Is IBM Quantum Computer Plan Anything More Than a New Piece in an Unsuccessful Turnaround?

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International Business Machines Corp. (NYSE: IBM) has set a series of alliances to move into the cutting-edge quantum computing world. It announced a consortium of major companies to support its move forward. However, IBM has had a number of initiatives to transform the company, and so far investors and many analysts of the technology landscape have been unconvinced.

The IBM press release was long on excitement but a little short on detail about how the program and alliances would work. The company’s management said:

IBM today announced the first clients to tap into its IBM Q™ early-access commercial quantum computing systems to explore practical applications important to business and science. They include: JPMorgan Chase, Daimler AG, Samsung, JSR Corporation, Barclays, Hitachi Metals, Honda, Nagase, Keio University, Oak Ridge National Lab, Oxford University and University of Melbourne.

IBM Q is an “industry-first” plan to build quantum computing applications for a wide array of businesses and academic institutions.

Further into the announcement:

Organizations will work directly with IBM scientists, engineers and consultants to pioneer quantum computing for specific industries and have direct cloud-based access to IBM Q systems. Each of the IBM Q Network Partners below will explore a broad set of potential applications of quantum computing in their industry that could provide a quantum advantage – demonstrations of real-world problems that may be solved faster or more efficiently with a quantum computer than with a classical computer.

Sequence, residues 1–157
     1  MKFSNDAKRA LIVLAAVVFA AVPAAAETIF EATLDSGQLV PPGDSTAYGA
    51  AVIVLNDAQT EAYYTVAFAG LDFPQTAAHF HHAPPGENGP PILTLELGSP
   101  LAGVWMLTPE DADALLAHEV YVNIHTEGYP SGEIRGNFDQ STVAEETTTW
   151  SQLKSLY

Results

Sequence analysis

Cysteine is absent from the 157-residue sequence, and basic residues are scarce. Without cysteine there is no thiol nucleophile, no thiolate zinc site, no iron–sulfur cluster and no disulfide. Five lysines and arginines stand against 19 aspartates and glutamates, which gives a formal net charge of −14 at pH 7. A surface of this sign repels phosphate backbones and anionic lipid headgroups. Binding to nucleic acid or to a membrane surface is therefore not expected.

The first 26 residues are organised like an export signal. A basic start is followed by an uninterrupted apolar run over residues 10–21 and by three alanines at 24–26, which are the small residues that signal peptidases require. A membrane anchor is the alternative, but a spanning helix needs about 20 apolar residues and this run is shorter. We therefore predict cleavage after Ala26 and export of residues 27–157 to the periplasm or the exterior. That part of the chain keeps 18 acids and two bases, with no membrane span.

“Explore” and “potential” mean the plans are in their earliest stages and may not bear fruit.

IBM has repeatedly announced deals that are in early stages and rarely puts dollar signs next to them. That heightens the skepticism about its strategy to turn around a large tech company that has completely lost its way. So far this year, its shares are down 8% to $155. The S&P 500 is higher by 17% over the same period. The shares of rival Microsoft are higher by 37% in that time to $71.

If IBM wants to signal that it has changed course in a way that will help it restart revenue growth, investors may become attracted to the shares. Otherwise, press releases will not help.